The Advanced Oral Surgery (DNT805) course of the Postgraduate Diploma in Oral Surgery Programme consists of both clinical and theoretical component that aims to improve the knowledge, skills, attitudes and behaviour of the dentists on the principles of clinical management of patients with prescribed minor to moderate stages of common oral surgical disease conditions of the mouth, jaws and related structures.
Semester 1 covers
Component 1 – General Medicine
Component 2 – General Surgery & Anaesthesiology. Semester 2 covers
Component 3 – Allied Topics: Oral Pathology, Radiology, Plastic Surgery and ENT and
Component 4 – Oral Surgery.

For Components 1-3, the trainee is expected to take part as observers in the clinical management of patients during these appointments and to obtain a basic understanding of management of patients with systemic disease and relate these to the practice oral surgery.
The major portion of the Semester 2, it is dedicated to Component 4 - Oral Surgery where the trainee is expected to obtain hands-on experience in the management of patients with oral surgical problems relevant to the course objectives. Block teaching week by a visiting Oral Medicine Specialist will include a student seminar presentation session together with master’s students. Collaborative patient management with allied disciplines such as orthodontics and prosthetic dentistry is also included. This programme introduces E-Learning methods using MOODLE server at
This course is designed to provide students with knowledge of pathologic disorders and diseases of the head and neck and is of particular relevance and importance to practice of the future oral health practitioner. Oral pathology covers the epidemiology, clinical features, etiology, pathogenesis, investigations and behavior of oral diseases, and is also closely linked with the surgical management of oral diseases, adjunct investigations such as imaging and clinical therapeutics. Students develop critical thinking skills in clinical reasoning when presented with cases, where they explain mechanisms of disease pathogenesis, rationale and selection of the most appropriate diagnostic tests for confirmation, and modalities of appropriate management or referral. They will also be provided with theoretical knowledge around surgical procedures and problems associated therewith and guide towards the clinical application of Oral Surgery, where actual hands-on surgery will be performed by the student in year 5.Year 4 students would have had the necessary foundation knowledge of the basic sciences and necessary Oral Medicine, Oral Pathology Oral Surgical knowledge of relevant Oral disease processes which are reinforced in this module. There will also be clinical case scenario discussions and observation of patient cases requiring surgical management where this will be further reinforced. Students are encouraged to master the theoretical knowledge in surgical management of minor oral surgery where they will be expected to develop the clinical competencies in year 5.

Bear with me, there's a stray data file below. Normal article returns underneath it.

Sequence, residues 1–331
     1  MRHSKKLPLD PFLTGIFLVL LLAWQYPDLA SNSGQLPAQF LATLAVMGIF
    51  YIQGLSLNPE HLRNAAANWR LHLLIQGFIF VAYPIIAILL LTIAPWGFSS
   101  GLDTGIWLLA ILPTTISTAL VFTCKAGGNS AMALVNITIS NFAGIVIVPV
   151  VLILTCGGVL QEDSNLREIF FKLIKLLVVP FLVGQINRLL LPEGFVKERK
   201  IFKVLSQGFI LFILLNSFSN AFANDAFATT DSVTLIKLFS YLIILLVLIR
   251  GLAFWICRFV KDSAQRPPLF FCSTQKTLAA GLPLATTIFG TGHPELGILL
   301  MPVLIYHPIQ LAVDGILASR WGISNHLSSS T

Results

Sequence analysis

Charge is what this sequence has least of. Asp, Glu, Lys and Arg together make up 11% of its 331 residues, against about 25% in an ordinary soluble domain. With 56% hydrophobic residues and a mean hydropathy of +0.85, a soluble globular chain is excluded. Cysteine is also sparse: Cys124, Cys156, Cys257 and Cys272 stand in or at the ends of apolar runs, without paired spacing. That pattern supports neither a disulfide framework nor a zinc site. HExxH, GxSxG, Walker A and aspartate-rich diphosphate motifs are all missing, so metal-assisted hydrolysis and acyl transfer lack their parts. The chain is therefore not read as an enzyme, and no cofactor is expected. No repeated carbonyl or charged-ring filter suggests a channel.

The Basic Science courses run for two semesters and cover the basic and general concepts, principles and mechanisms of the disciplines of Anatomy, Physiology, Biochemistry and Pathology. The problem-based learning strategy is implemented for these courses, where the disciplines are discussed based on problem cases; students generate learning issues that are discussed and self-studied. Concepts of Pharmacology are also given as resource or as learning issues for self-study, depending on the case. The problem cases are designed for relevance to the future oral health practitioner and dentists, following closely the reality of practice. The courses are divided into blocks, each block covering a basic theme or body system. At year 2 level, emphasis is placed on study of various body systems; oral manifestations of systemic diseases/disorders and the implications of various medical conditions to treatment planning in dentistry.
This course is designed to provide students with This course consists of 2 components. Component A is Oral Biology and Oral Diseases and Component B is Oral Microbiology.
Component A - The discipline of oral biology deals with the structure, development and functions of the oral tissues, their interrelationships, and the relation to other organ systems in both health and disease. This course introduces the first year student to the unique environment of the oral cavity, and provides a base of oral biological knowledge for development of skills for clinical courses in the dental curriculum and future dental practice.
Component B - This course introduces the first year dental student to the basic concepts and principles of Microbiology and Parasitology, as applied to and of relevance for the future oral health professional. It serves as the basis of infection control which is important to dental practice, as well as infectious diseases that the clinical oral health professional will be sure to encounter during their practice.